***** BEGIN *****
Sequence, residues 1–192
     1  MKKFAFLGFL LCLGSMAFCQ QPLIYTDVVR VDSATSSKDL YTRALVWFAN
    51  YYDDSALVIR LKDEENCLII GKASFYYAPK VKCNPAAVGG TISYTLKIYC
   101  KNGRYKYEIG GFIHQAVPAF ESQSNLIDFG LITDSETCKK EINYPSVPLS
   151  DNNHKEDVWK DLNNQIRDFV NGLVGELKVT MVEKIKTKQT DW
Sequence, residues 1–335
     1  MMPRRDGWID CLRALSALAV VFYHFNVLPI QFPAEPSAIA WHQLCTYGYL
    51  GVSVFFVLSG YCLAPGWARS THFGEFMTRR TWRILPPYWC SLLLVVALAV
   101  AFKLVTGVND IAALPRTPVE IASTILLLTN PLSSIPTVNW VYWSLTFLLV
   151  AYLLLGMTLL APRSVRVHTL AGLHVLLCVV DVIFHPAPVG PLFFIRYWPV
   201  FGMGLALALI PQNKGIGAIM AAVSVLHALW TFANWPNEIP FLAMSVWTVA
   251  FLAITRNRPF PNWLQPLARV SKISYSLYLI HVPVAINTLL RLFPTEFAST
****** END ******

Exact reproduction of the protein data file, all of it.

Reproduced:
Sequence, residues 1–192
     1  MKKFAFLGFL LCLGSMAFCQ QPLIYTDVVR VDSATSSKDL YTRALVWFAN
    51  YYDDSALVIR LKDEENCLII GKASFYYAPK VKCNPAAVGG TISYTLKIYC
   101  KNGRYKYEIG GFIHQAVPAF ESQSNLIDFG LITDSETCKK EINYPSVPLS
   151  DNNHKEDVWK DLNNQIRDFV NGLVGELKVT MVEKIKTKQT DW
Sequence, residues 1–335
     1  MMPRRDGWID CLRALSALAV VFYHFNVLPI QFPAEPSAIA WHQLCTYGYL
    51  GVSVFFVLSG YCLAPGWARS THFGEFMTRR TWRILPPYWC SLLLVVALAV
   101  AFKLVTGVND IAALPRTPVE IASTILLLTN PLSSIPTVNW VYWSLTFLLV
   151  AYLLLGMTLL APRSVRVHTL AGLHVLLCVV DVIFHPAPVG PLFFIRYWPV
   201  FGMGLALALI PQNKGIGAIM AAVSVLHALW TFANWPNEIP FLAMSVWTVA
   251  FLAITRNRPF PNWLQPLARV SKISYSLYLI HVPVAINTLL RLFPTEFAST